Christmas is all about traditions. At the CPO, our Christmas tradition is bringing Handel’s Messiah to Calgarians. This year, we have three performances – Friday, December 12, Saturday, December 13, and Sunday, December 14 (Sing-Along Messiah).
While there are many interesting things about Messiah, here’s a fun fact – it features the baroque trumpet, which can be challenging instrument to play. CPO Principal Trumpet Adam Zinatelli explains more! (post courtesy of adamzinatelli.com)
“It’s Messiah season, and this time around we’re going to be doing it a bit differently. The orchestra is split between two programmes this week (Messiah and A Traditional Christmas), so Rich Scholz [CPO extra trumpet player] is going to be playing with me. Since he and I played Messiah with Spiritus Chamber Choir on baroque trumpets last year at A=415, we thought that this would be our chance to give it a go for the first time at A=440 on the same instruments (players of modern instruments generally tune to the pitch A which is equal to 440 hz. This hadn’t been standardized until relatively recently, so it’s common practice on baroque instruments to tune A to be equal to 415 hz, a lower pitch).”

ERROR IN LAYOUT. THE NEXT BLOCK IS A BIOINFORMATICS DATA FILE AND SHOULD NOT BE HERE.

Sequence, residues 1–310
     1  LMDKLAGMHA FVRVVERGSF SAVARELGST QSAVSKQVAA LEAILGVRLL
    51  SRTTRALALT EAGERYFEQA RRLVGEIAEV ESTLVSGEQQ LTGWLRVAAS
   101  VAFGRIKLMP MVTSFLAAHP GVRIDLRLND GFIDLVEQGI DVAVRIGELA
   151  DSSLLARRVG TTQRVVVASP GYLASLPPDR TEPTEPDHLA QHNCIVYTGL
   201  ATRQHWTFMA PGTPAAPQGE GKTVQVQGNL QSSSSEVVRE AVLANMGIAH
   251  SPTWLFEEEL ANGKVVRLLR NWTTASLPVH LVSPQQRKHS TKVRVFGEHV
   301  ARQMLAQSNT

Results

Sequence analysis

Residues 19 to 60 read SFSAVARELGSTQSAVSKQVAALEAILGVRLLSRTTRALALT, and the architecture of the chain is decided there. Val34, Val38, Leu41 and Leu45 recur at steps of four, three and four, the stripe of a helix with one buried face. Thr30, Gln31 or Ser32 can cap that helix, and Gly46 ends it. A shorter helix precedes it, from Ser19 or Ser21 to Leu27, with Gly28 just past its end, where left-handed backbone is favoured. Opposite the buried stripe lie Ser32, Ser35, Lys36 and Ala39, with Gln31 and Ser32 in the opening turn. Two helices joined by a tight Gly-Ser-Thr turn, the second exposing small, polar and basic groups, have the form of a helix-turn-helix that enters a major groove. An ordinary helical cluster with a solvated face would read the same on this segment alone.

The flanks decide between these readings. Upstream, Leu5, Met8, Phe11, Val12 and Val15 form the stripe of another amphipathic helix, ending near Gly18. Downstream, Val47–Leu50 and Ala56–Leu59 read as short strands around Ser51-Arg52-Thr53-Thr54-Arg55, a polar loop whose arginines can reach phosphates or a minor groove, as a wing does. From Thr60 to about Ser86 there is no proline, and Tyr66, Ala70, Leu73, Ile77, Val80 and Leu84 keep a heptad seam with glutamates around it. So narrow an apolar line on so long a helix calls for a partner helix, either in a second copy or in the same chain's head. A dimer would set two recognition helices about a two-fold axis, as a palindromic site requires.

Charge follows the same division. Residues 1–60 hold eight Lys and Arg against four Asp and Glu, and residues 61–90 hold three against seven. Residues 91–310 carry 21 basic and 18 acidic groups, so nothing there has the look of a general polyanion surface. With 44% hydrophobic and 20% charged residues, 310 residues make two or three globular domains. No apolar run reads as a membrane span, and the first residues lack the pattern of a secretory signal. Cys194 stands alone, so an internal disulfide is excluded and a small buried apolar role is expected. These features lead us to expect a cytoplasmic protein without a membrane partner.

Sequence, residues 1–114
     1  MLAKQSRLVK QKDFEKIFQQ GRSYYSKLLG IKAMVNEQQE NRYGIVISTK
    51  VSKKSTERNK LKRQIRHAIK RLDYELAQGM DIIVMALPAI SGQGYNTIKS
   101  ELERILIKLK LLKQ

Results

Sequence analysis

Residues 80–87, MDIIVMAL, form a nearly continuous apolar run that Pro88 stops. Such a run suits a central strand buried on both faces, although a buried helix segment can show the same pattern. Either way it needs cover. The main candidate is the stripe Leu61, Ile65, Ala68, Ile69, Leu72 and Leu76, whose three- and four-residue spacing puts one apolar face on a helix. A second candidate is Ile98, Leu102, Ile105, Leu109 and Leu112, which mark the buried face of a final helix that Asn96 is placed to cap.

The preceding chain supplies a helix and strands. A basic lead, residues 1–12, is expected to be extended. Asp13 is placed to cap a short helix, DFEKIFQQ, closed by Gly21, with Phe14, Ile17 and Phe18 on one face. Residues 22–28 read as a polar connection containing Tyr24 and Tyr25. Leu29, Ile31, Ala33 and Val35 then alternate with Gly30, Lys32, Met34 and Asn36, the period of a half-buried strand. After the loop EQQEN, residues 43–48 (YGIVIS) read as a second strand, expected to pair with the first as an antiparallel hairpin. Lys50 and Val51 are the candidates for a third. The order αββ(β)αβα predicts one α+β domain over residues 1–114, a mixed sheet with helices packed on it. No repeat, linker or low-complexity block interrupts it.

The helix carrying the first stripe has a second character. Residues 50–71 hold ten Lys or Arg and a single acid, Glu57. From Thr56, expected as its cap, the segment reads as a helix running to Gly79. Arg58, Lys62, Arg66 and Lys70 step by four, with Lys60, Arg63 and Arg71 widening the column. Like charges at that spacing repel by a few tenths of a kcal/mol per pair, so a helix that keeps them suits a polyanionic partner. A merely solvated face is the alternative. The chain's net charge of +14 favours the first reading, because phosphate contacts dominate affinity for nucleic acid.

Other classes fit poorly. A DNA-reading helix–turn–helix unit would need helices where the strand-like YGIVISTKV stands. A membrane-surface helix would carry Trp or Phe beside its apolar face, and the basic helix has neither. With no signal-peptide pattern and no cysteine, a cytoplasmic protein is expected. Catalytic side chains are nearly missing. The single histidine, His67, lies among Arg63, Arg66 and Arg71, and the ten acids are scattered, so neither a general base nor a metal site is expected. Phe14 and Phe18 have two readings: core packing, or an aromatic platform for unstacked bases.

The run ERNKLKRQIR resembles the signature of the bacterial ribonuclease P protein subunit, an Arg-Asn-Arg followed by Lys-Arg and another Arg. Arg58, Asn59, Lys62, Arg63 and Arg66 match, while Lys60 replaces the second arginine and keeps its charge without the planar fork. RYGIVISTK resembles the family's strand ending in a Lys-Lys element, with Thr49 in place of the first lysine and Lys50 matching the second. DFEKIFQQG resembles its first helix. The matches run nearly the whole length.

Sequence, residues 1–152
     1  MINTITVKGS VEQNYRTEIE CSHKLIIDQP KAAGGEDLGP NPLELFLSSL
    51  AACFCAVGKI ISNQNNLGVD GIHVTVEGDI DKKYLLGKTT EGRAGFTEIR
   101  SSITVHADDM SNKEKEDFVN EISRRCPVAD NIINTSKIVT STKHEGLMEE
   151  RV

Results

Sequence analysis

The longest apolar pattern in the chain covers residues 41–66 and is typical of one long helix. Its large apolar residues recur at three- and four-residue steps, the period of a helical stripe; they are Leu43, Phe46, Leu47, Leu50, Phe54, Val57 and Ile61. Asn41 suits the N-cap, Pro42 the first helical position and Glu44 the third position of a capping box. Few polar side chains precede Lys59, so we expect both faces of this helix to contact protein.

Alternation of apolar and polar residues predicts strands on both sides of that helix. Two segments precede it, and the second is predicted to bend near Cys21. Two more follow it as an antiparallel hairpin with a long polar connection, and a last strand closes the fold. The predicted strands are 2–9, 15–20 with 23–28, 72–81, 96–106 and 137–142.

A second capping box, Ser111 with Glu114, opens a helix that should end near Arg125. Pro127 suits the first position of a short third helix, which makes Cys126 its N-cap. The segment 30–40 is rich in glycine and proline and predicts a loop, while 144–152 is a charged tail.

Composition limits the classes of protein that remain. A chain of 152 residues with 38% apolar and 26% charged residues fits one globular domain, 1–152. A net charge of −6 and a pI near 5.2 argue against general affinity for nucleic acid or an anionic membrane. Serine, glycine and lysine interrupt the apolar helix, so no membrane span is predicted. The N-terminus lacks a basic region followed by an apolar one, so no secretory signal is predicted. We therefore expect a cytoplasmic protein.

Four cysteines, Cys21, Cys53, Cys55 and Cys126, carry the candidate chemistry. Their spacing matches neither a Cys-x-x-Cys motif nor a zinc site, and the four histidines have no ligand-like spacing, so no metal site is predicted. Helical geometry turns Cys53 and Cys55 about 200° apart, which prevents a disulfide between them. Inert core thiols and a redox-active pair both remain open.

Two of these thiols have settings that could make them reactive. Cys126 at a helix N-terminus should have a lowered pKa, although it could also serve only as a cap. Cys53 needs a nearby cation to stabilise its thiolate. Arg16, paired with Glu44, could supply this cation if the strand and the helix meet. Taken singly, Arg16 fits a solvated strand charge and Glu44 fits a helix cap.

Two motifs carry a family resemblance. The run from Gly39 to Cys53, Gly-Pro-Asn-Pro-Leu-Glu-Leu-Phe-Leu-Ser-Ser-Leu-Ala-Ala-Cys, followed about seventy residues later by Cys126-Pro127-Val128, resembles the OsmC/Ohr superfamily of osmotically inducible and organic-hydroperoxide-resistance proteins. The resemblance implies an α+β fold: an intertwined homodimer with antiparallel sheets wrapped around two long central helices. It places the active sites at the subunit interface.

“Baroque trumpet has been a real adventure for me. I bought an Egger 3-hole a few years ago off of an internet buy and sell, and it took me a long time to start thinking I could make anything worthwhile come out of the bell. The style and musicianship that goes along with playing a baroque instrument is mostly the same as that required for historically informed performance on a modern one. As I had been pursuing that under the guidance of Ivars Taurins, who we see regularly here in Calgary, that wasn’t a big adjustment to me.”
“Technically, however, the darned thing just doesn’t behave like a modern instrument. First of all, the mouthpiece is radically different. A super flat rim with a very sharp angle into the cup makes for a truly bizarre interface with the instrument, for a player accustomed to modern equipment. It has taken a lot of buzzing to get comfortable on the thing. The most striking difference I’ve found though, is the type of airstream that the instrument requires.”
“One of the main challenges for me on any instrument is just to relax my airstream. My tendency has always been to go the other way, but on baroque trumpet the whole thing just shuts down when things are too high-energy. For this reason, learning the instrument has been really helpful to my playing as a whole. Playing it just ten minutes a day is a really great way to remind myself that I can recalibrate the way I blow.”
“A lot more can be said about this topic, and I’m sure I’ll come back to it in the future. But for now, here’s a contrast: old-school piccolo trumpet compared with the state of the art in historical performance.”